Welcome all, to week 3 of Migi & Dali! This week our lovable twins go outside, make some friends, case some houses and beat a child senseless. Did that sound like it escalated? Good, because that’s what the episode did. Without further ado, lets dive in!
Overall I thought this was a good episode, I’m continuing to enjoy Migi & Dali quite a bit. Something about its odd balance of comedy and unnerving horror, how it infuses every scene with this sense that something is wrong, just does it for me. Take this episode for instance. Ostensibly it’s about the twins trying, failing and then lucking into, making some friends. There’s some classic anime bullying, it’s par for the course. But when looked at through the larger lens of the series, something you’re forced to do as every episode starts and ends talking about the murder of their mother, it becomes much more… eerie. These kids don’t actually want friends, they want to sneak into houses to see if any match their memories. They aren’t naïve, they know about the bullying, they just don’t care because it’s a means to an end. It’s… creepy. I love it!
As an example of what I’m talking about, lets dive into the first half of the episode: Boy scouts. As I said above, this is supposed to be about the twins making friends. On the surface they are so desperate to do so, supposedly because of their loneliness and orphan upbringing, that the other kids notice and begin to mock and deride them for it. Bullying them, giving them impossible tasks with their friendship on the line, never once planning on giving it. On the surface, this is rather sad and tragic. Yet we the audience know this isn’t the case. Yes, they are desperate to make friends, and yes, they are being bullied. But not because they are lonely, not because they want companionship. Rather they want into their homes, like invaders, to sniff out clues. They are danger that any intelligent person wouldn’t want in their home, and these bullies are avoiding it for all the wrong reasons. It makes it… eerie to me. Just how close to danger these kids are coming.
Yet despite all of this, despite their desperation, they manage to make a genuine connection with someone, with Akiyama Shuunpei. He see’s their desperation, their determination to achieve their goals, their loneliness self imposed or not, and connects with it. It’s a misunderstanding, yes. But on his part it’s completely and utterly genuine. And as their time together goes on, as Dali continues to listen to him, to buy Migi time to snoop around his house, that connection only grows. It’s a fake relationship, one Dali doesn’t care for at all, but which seems to mean so much to Akiyama. And when he inevitably discovers the truth, figures out they are two rather than one, that this connection is fake? It can only end in tragedy. But neither of them, not Migi/Dali or Akiyama know that. Only we, the audience do. It’s like watching the beginning of a train crash, one we know is coming but won’t see for many episodes down the line. Again, it’s great.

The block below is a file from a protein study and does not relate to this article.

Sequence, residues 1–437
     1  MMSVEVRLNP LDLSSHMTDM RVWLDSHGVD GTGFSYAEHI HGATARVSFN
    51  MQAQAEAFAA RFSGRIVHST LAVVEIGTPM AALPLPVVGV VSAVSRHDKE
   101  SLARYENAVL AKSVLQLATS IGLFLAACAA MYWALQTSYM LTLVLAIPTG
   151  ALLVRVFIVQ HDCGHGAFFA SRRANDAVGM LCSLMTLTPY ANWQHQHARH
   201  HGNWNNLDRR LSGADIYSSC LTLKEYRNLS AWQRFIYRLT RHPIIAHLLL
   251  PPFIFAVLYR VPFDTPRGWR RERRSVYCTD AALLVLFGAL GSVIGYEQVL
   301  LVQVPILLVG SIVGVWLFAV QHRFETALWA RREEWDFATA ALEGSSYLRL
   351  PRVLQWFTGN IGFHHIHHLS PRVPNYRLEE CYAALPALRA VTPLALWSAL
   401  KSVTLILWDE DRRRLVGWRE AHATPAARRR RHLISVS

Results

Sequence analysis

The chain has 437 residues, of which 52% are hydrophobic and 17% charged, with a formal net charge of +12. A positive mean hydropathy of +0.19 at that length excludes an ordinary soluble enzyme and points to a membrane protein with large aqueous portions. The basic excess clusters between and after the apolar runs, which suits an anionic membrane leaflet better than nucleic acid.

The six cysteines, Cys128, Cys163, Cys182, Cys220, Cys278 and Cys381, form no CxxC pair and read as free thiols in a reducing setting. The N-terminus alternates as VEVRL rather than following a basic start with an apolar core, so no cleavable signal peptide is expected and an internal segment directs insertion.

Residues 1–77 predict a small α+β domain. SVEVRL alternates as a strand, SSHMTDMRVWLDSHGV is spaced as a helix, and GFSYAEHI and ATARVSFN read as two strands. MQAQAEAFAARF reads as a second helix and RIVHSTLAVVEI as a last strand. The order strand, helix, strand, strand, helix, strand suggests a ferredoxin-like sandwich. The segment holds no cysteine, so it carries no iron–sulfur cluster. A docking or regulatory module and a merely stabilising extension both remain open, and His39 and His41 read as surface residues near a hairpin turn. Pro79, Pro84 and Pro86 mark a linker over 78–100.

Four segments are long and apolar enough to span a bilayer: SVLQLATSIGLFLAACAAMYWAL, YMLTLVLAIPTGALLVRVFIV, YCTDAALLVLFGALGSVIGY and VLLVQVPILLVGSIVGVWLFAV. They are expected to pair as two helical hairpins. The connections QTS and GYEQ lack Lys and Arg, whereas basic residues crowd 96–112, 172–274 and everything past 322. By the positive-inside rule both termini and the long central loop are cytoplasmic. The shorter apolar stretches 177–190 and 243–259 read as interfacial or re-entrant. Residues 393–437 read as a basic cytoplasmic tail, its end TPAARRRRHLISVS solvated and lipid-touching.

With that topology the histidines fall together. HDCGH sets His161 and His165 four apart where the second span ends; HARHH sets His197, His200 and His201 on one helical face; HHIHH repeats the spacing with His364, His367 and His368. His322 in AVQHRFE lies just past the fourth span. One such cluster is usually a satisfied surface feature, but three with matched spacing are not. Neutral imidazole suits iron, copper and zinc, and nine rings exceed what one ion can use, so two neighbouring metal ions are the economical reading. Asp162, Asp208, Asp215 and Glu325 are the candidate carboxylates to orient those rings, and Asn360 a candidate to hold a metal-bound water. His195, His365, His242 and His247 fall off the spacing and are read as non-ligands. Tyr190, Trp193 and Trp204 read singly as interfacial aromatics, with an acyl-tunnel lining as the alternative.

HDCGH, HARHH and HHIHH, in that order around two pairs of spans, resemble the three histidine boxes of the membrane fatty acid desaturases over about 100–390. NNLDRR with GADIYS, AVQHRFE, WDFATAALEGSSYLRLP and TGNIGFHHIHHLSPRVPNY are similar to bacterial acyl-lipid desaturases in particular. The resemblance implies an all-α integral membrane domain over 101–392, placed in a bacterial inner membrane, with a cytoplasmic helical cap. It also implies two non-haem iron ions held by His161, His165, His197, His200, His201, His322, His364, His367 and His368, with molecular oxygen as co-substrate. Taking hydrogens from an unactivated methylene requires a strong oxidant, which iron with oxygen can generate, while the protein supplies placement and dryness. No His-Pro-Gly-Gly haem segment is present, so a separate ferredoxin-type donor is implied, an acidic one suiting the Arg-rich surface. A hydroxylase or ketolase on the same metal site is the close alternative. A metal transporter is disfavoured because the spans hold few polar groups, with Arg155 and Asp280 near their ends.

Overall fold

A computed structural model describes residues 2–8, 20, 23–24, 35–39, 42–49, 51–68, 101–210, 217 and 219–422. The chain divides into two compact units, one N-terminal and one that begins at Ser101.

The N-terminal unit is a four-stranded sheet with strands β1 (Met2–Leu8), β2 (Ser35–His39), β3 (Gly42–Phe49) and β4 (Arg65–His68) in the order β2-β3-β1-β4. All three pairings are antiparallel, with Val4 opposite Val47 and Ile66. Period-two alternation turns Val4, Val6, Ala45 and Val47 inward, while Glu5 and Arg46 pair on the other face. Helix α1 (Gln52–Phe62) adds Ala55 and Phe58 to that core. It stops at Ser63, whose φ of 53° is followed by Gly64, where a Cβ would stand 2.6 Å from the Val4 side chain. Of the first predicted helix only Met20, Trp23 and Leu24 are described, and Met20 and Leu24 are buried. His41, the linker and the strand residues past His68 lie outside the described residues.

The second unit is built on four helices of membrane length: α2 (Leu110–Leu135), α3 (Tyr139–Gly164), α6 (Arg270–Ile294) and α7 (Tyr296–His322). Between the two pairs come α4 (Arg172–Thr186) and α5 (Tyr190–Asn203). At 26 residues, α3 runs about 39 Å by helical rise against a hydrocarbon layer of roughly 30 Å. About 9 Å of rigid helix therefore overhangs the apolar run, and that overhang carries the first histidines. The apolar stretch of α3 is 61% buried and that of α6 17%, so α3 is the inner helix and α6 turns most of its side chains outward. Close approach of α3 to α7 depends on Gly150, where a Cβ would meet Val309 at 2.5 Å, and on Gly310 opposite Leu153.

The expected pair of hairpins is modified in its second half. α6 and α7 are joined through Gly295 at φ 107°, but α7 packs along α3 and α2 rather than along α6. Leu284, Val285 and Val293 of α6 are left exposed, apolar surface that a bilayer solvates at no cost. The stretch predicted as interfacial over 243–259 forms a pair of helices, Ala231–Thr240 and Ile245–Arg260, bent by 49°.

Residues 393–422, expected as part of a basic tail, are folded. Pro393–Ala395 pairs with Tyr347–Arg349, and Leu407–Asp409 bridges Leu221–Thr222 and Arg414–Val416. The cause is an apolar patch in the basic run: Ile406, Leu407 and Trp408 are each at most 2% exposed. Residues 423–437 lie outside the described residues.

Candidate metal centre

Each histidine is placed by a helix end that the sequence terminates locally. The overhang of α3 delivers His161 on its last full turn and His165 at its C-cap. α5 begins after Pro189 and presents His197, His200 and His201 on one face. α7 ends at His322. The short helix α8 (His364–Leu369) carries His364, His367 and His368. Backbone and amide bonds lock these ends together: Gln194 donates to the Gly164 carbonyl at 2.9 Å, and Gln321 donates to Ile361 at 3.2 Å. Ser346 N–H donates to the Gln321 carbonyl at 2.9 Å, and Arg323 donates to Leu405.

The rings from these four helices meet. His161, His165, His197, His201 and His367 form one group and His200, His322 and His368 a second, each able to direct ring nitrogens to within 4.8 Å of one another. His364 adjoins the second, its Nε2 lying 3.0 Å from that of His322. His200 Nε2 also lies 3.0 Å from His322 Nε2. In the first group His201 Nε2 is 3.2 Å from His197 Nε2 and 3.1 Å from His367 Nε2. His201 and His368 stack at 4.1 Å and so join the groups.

Moving in to the second half of the episode, here we sort of get the inverse. Maruta isn’t a genuine soul getting caught up in their deception’s. He’s just an asshole looking for an easy target to pick on. And because of their desire not to stand out, to not rock the boat, they can’t really push back at all. Of course they don’t take this lying down, as much as they want to keep quiet the brothers still care for and defend each other. And that was really cool! I loved seeing how upset Dali got at Migi being mistreated, how far he was willing to go to protect him. But this also showed us just how different these twins are, where they start to diverge. Dali is the much more violent and aggressive one while Migi simply… Isn’t.
This is cool for a lot of reasons. Remember last week when I talked about cracks forming in their unity? How the one was becoming two again? Well what we got with Maruta, and throughout the entire episode really, was another step of that. We get to see their independent thoughts, how Migi resents Dali a bit for always giving him the “bumpy road”, how he doesn’t take the same joy in putting Maruta in his place, how he enjoys the food and the family and the friends. Of the two, Migi seems much less invested in finding the killer, more interested in putting it behind him and living a normal life. Like I said last week, this is really cool! I really want Migi & Dali to push this, to commit to it. Because while the murder is interesting, this is engaging.
Why is it so engaging? Simply because of the amount of things Migi & Dali could do with it. What if they start to split and Migi doesn’t let Dali be the public face as much, pushing him into the shadows or cutting him off entirely? What if Dali starts to push Migi into doing things he’s uncomfortable with and they end up in this sort of cold war, neither able to reveal the other but still competing. They could even end up leading two separate lives as the same character “Hitori”, with separate friends groups and such. There are just so many options available to Migi & Dali, any and all of them could be great. Plus we’re only 3 episodes in! And you know the best part? This is a completed series. We might actually get a full adaptation. How amazing is that?!
So yeah, all in all I quite enjoyed this episode of Migi to Dali. It’s like nothing else I’m watching this season. From the weird humor with a backdrop of tragedy and horror, I find everything about it enthralling. Sure, the production isn’t incredible. This isn’t the best looking thing this season. But it doesn’t look bad. And the way it’s shot and boarded does a lot to emphasize the unsettling nature of the show. The fact that it’s complete as well, meaning there’s a good chance we get a complete story here, makes me even more excited. Without question, Migi to Dali is my dark horse of the season.